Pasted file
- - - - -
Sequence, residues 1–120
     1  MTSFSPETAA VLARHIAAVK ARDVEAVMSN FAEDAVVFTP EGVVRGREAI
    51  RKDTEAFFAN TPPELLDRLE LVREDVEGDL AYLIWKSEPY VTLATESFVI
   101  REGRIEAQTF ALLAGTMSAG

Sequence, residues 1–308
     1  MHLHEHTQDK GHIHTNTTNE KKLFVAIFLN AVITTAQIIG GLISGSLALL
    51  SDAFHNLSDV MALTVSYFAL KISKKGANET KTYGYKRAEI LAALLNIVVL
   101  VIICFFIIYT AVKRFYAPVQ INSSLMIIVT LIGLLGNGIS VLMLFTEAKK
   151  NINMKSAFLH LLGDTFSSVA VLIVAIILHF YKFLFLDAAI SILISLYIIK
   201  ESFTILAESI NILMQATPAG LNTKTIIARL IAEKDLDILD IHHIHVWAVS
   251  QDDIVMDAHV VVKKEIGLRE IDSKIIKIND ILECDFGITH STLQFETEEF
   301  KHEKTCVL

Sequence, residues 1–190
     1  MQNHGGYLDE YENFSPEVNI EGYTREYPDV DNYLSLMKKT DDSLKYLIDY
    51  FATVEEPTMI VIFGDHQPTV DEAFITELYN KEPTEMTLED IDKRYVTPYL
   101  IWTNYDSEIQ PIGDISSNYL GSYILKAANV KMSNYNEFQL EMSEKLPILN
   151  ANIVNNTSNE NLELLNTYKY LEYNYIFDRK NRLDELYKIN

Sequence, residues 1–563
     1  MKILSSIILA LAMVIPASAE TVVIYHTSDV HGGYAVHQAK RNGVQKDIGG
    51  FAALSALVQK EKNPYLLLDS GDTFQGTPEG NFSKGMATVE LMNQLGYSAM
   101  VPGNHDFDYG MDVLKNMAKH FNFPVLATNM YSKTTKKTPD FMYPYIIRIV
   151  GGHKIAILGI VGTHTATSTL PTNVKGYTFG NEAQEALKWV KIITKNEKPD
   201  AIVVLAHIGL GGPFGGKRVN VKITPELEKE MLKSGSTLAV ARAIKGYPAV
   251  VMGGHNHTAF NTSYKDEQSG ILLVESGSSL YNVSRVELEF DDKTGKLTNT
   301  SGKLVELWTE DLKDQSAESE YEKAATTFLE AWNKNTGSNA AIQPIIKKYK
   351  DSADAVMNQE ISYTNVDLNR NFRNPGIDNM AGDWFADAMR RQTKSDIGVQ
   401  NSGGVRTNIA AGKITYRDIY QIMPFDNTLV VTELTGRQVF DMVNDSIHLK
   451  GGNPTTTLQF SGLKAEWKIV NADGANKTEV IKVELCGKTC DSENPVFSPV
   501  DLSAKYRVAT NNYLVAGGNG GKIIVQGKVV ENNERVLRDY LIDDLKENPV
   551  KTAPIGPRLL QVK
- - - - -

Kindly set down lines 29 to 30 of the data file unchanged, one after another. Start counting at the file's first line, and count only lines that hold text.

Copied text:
   501  DLSAKYRVAT NNYLVAGGNG GKIIVQGKVV ENNERVLRDY LIDDLKENPV
   551  KTAPIGPRLL QVK